1998

Solo exhibition ‘Vital Expressions’, Association of Arts Gallery, Cape Town

1999

Solo exhibition ‘A Personal View’, Lipschitz Gallery, Cape Town

Solo Exhibition ‘Vital Expressions’, Natal Technikon Art Gallery, Durban

2000

Exhibition at Bertolt Brecht House, Berlin, German

2000 – 2001

City Press Exhibition ‘Baggage’

Participated in Manuscript Exhibition 3 (Art Studio), Johannesburg

2001

Solo exhibition, Exeter, United Kingdom

2002

Collection of Books Exhibited at Natal Technikon, Kwa Zulu Natal

2003

Exhibited in AVA ‘Surface=/=Print’, Cape Town as part of Impact Conference

2011

Retrospective exhibitionListening to Distant Thunder: The Art of Peter Clarke,Standard Bank Gallery, Johannesburg (4 May to 2 July 2011)

2013

Group exhibition, “Portrait de l’Afrique du Sud: An exhibition of artworks by George Hallett, Peter Clarke and Gerard Sekoto”, Paris, France (30 October – 27 November

Public Collections – International

  • Baerum Kommune, Sandvika, Norway
  • Dennis W. Koles, Kiama, NSW, Australia
  • Fisk University, Nashville, Tennessee, USA
  • Johnson Publishing Co., Chicago, USA
  • Kunsthalle Museen der Stadt Bielefeld, Germany
  • Library of Congress, Washington D.C., USA
  • Museum of Contemporary Art, Skopje, Yugoslavia
  • Museum of African American Art, LA, USA
  • National Museum and Art Gallery, Gaborone, Botswana,
  • Stichting Afrika Museum, Berg en Dal, Holland

Public Collections – South Africa

  • Cape Town City Library, Cape Town
  • Community Arts Project
  • Municipal Collection, Fish Hoek, Cape Town

Corporate Collections – South Africa

  • Fuba Collection, Johannesburg
  • PAM; Nasou Publishing Co, Cape Town
  • Sasol Collection, Stellenbosch
  • SA Fine Worsted Co, Cape Town
  • Pentech, Bellville, Cape Town

Galleries & Museums

  • Arnold Becher Museum,
  • Caledon Municipal Museum, Caledon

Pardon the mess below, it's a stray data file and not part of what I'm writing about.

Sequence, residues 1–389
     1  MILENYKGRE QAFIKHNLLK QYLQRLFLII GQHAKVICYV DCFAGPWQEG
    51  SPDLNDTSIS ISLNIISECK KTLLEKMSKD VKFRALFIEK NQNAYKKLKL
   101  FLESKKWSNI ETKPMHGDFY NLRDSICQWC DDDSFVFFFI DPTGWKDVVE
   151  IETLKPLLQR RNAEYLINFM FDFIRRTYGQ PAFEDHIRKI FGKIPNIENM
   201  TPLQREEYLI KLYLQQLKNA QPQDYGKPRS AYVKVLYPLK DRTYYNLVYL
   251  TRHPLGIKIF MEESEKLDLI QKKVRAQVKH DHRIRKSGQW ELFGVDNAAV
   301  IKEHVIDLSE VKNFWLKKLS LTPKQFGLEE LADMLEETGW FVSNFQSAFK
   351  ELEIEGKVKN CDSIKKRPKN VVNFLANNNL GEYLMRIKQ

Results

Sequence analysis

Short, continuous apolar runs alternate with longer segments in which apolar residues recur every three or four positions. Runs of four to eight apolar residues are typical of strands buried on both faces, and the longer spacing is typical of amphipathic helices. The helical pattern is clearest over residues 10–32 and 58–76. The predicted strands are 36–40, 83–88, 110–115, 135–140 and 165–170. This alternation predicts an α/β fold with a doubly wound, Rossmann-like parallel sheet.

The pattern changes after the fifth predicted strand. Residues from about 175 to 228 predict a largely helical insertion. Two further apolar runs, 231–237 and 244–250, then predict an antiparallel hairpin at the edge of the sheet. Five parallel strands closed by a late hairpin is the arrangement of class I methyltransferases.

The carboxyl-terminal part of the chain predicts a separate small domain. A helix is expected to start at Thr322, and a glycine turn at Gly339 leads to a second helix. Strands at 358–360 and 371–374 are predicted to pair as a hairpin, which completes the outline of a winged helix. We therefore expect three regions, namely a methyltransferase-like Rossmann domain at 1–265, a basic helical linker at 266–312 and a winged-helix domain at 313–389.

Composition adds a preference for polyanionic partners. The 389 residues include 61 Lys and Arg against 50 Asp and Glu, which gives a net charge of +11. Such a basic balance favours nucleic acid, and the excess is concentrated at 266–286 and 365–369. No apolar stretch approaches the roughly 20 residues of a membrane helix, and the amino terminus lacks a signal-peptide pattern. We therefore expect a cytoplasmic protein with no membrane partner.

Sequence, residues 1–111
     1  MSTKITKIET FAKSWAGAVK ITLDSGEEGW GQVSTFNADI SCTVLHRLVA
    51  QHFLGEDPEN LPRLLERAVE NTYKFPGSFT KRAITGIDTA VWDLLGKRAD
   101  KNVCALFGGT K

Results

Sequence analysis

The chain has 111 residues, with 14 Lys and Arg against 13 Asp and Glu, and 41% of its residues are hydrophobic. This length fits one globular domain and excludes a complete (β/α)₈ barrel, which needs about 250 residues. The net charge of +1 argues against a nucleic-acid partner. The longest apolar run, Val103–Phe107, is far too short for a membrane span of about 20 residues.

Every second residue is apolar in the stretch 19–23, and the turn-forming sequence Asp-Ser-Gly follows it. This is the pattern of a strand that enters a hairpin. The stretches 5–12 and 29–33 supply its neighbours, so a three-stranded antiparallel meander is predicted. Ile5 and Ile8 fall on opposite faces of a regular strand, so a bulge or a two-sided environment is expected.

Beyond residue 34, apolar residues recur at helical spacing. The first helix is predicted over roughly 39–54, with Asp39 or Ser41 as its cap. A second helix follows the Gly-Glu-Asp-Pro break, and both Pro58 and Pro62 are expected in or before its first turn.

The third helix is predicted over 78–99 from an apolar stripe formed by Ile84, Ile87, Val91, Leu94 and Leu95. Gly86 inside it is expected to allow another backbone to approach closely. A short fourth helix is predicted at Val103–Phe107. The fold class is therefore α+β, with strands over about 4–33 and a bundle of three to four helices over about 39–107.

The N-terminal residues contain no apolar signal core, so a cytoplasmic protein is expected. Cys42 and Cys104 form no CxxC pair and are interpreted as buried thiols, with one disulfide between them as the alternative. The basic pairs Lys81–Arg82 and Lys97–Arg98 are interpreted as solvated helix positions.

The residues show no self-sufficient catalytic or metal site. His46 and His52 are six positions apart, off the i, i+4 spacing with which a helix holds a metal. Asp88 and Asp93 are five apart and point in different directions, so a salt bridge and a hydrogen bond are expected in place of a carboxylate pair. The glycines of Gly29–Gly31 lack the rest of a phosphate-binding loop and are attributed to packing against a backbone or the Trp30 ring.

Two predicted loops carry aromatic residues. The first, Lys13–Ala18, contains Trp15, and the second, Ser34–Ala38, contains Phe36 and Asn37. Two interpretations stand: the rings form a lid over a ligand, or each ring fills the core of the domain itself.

• District Six Museum, Cape Town
  • Durban Art Museum, Durban
  • Nelson Mandela Metropolitan Art Museum, Port Elizabeth
  • Municipal Museum, Simon’s Town
  • Pretoria Art Museum, Pretoria
  • South African National Gallery; University of Fort Hare, Alice
  • William Humphreys Art Gallery, Kimberley, SA
  • IZIKO South African National Gallery, Cape Town

Universities

  • Livingstone High School, Claremont
  • North-West University, North-West
  • University of Stellenbosch, Western Province
  • University of the Western Cape, Western Province
  • University of Zululand, Kwa-Zulu Natal
  • Durban University of Technology, Kwa-Zulu Natal
  • University of South Africa, Pretoria

Private Collections

  • Hymie and Jean Berndt, Kenilworth, Western Cape
  • Bruce Campbell Smith Collection

1975

Honorary Fellow in Writing, University of Iowa, USA

1982

Diploma of Merit in Art, Academia Italia

1982

Honorary Doctor of Literature, World Academy of Arts and Culture, Taipei, Taiwan

1983

Honorary Member of the Museum of African American Art, Los Angeles, USA

2000

Awarded the Molteno Award for services to the visual arts by the Cape Tercentenary Foundation

2005

Awarded the Order of Ikhamga (Silver) by President Thabo Mbeki

2010

Awarded a Lifetime Achievement Award from the Arts and Culture Trust